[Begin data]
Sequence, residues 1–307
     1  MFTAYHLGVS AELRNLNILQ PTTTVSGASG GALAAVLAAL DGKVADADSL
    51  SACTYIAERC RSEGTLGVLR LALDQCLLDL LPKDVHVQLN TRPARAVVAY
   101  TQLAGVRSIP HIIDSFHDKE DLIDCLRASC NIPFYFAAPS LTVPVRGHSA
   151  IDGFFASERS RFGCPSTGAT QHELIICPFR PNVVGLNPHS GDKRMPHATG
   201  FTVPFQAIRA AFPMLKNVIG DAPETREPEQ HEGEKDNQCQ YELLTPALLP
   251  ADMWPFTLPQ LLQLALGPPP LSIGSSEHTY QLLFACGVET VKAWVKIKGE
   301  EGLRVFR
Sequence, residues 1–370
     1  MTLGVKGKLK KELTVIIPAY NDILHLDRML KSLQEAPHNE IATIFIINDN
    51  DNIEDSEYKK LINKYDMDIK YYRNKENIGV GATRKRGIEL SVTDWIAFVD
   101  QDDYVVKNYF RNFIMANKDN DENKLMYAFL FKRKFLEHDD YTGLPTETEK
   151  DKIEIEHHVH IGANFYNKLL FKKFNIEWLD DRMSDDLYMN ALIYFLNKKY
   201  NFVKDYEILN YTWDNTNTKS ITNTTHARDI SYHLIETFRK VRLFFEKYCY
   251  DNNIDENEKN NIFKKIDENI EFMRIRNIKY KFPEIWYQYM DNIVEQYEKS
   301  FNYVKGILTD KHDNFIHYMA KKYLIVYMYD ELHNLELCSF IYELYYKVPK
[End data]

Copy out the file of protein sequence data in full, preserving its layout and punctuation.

Sequence, residues 1–307
     1  MFTAYHLGVS AELRNLNILQ PTTTVSGASG GALAAVLAAL DGKVADADSL
    51  SACTYIAERC RSEGTLGVLR LALDQCLLDL LPKDVHVQLN TRPARAVVAY
   101  TQLAGVRSIP HIIDSFHDKE DLIDCLRASC NIPFYFAAPS LTVPVRGHSA
   151  IDGFFASERS RFGCPSTGAT QHELIICPFR PNVVGLNPHS GDKRMPHATG
   201  FTVPFQAIRA AFPMLKNVIG DAPETREPEQ HEGEKDNQCQ YELLTPALLP
   251  ADMWPFTLPQ LLQLALGPPP LSIGSSEHTY QLLFACGVET VKAWVKIKGE
   301  EGLRVFR
Sequence, residues 1–370
     1  MTLGVKGKLK KELTVIIPAY NDILHLDRML KSLQEAPHNE IATIFIINDN
    51  DNIEDSEYKK LINKYDMDIK YYRNKENIGV GATRKRGIEL SVTDWIAFVD
   101  QDDYVVKNYF RNFIMANKDN DENKLMYAFL FKRKFLEHDD YTGLPTETEK
   151  DKIEIEHHVH IGANFYNKLL FKKFNIEWLD DRMSDDLYMN ALIYFLNKKY
   201  NFVKDYEILN YTWDNTNTKS ITNTTHARDI SYHLIETFRK VRLFFEKYCY
   251  DNNIDENEKN NIFKKIDENI EFMRIRNIKY KFPEIWYQYM DNIVEQYEKS
   301  FNYVKGILTD KHDNFIHYMA KKYLIVYMYD ELHNLELCSF IYELYYKVPK